August 19, 2020

Seminar jointly organized by the Asian Affairs Committee and the CARI Institute for International Security and Strategic Affairs (ISIAE)

By Tomás Seré, Volunteer for CARI's Communications Division
Translated by Isabella Rocco

In the second edition of conferences jointly organized by the Asian Affairs Committee and the CARI Institute for International Security and Strategic Affairs (ISIAE), more than 150 participants witnessed extensive debate about the dynamics of China's Southern Sea dispute on August 19th.

With this logic, under the moderation of academic Secretary Juan Battaleme, there were three specialists in the field: Julio Hang, director of ISIAE, Jorge Malena, coordinator of the Chinese Group, and the Commodus of Marina VGM (RE), Ernesto Ganeau. It was mainly focused on the territorial dispute in Pacific Asia, the conflict over global hegemony between the United States and China, the preparation provided by President Xi Jinping and the possible implications that the situation could have on the Argentine Republic.

In this way, Julio Hang focused on the full Chinese military development, stating that it focuses mainly on the cybernetic areas (cyberattacks) and naval areas. In this vein, even without China being a nation that has historically sought to explore other continents with external attacks, the defense budget grew enormously in recent years (a factor that is clearly reflected in its missile capabilities, for example). "By 2035 all forces must be modernized, and by 2049 China must be a world-class armed force. This means that there should be no other force beyond its capacity for that year", Hang said. To which he added: "Modernization effectively began with the rise of Marines, who have the sole objective of fighting on other people's beaches and their importance is reflected in the inauguration of the first outer base with a very important location in Djibouti".

However, beyond the production of weapons of all kinds that have already reached international levels, for the director of ISIAE, the highlight is probably Chinese cyber progress. In fact, its method of victory theory and its intelligence to hack information were listed by Hang as some of its essential weapons: "in many cases Western powers identified attacks or looting of systems from China and highlighted their ability to upgrade in cyber interference and defense. Chinese doctrine argues that destroying the influence of enemy satellites on its territory is a priority and what needs to be done at the beginning of a contest (disrupting C4ISR networks affecting their resolution capacity)", he explained.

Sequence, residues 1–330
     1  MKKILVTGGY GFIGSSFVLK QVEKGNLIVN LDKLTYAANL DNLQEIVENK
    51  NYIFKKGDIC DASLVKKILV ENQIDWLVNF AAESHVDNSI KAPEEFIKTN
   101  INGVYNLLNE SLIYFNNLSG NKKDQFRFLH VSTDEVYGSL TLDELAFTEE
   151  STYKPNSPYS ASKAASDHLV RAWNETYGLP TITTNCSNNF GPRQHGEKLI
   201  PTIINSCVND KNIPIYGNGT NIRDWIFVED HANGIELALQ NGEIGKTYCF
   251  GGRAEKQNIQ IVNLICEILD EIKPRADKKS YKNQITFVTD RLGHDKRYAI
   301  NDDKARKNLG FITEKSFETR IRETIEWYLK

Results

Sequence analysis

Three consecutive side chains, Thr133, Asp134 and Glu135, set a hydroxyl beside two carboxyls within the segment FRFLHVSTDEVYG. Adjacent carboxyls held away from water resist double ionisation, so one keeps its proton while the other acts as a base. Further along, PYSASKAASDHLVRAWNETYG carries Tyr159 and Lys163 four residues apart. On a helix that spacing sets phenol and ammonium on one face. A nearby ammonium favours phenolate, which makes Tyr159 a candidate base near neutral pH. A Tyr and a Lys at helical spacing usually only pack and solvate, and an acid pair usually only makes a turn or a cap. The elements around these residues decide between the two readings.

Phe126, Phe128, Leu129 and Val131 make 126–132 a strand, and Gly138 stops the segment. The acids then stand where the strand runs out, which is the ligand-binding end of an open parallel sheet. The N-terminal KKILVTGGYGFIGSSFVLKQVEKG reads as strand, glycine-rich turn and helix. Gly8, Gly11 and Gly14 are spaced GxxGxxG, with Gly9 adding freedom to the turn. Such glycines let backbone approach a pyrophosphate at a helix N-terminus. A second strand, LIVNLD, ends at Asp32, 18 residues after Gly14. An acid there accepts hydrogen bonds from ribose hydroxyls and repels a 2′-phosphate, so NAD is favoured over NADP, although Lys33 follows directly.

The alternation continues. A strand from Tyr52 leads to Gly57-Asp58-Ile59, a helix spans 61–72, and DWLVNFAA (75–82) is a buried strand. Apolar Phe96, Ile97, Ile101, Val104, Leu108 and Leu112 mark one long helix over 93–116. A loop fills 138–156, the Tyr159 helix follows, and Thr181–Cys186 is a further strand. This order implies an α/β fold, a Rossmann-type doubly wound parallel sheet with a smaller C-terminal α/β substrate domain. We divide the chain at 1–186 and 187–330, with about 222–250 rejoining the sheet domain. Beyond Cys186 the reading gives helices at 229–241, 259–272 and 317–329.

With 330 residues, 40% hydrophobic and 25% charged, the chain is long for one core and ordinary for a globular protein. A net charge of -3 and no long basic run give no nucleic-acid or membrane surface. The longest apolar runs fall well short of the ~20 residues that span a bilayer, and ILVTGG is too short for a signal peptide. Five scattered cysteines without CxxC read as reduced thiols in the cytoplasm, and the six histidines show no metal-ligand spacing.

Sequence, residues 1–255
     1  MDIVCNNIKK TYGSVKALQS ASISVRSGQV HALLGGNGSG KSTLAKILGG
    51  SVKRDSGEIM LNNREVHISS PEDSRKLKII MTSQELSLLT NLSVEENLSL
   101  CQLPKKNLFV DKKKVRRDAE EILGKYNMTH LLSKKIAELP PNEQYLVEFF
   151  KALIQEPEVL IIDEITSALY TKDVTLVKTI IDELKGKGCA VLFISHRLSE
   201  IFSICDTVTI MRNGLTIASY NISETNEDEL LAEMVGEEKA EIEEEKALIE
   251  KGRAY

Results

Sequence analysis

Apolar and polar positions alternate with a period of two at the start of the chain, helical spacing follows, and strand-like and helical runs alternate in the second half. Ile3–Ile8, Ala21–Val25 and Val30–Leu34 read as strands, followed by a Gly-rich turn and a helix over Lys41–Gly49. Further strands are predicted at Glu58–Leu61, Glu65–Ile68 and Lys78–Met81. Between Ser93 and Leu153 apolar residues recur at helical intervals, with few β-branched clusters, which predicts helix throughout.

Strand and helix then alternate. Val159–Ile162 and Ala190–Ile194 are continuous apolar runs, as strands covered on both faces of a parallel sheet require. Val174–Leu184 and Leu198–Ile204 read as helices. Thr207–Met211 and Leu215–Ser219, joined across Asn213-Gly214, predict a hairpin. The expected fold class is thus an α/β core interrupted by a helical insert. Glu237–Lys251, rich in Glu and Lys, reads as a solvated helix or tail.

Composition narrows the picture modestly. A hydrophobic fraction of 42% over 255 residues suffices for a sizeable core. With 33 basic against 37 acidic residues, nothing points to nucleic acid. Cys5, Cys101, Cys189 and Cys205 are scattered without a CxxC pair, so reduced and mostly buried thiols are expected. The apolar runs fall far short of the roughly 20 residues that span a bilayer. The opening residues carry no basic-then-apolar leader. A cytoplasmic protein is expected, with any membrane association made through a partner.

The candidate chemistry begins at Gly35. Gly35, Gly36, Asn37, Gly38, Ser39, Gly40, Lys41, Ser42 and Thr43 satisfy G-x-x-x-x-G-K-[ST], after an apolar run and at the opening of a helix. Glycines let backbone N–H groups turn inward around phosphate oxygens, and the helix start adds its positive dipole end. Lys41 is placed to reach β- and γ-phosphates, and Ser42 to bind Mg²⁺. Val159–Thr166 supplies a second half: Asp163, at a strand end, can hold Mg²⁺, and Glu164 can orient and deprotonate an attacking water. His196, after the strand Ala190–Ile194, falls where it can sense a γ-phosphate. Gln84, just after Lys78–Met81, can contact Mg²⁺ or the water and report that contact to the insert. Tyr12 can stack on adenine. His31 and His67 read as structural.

Under the same criteria, Jorge Malena highlighted that there are very few countries where foreign policy is defined by the thinking of its leader and that China is one of them. Indeed, in addition to being president of the People's Republic and Secretary-General of the Communist Party, Xi Jinping holds seven senior positions in foreign policy and national defense. Thus—according to Malena—the leader's thinking regarding diplomacy marks the direction of Chinese international relations. In addition, the coordinator of the China Group again focused on the maritime-strategic-military vision of the Republic and cited statements by Xi Jinping himself: "History teaches us that a country will ascend if it dominates the oceans and fall if it disregards them, so we must adopt a project that makes use of the sea to turn China into a rich and powerful state". This explains, of course, the importance of the dispute in the South Sea and the complex geopolitical situation of territorial interests that arises because of the sovereignty of the islands, the delimitation of maritime areas, and the delimitation of resources.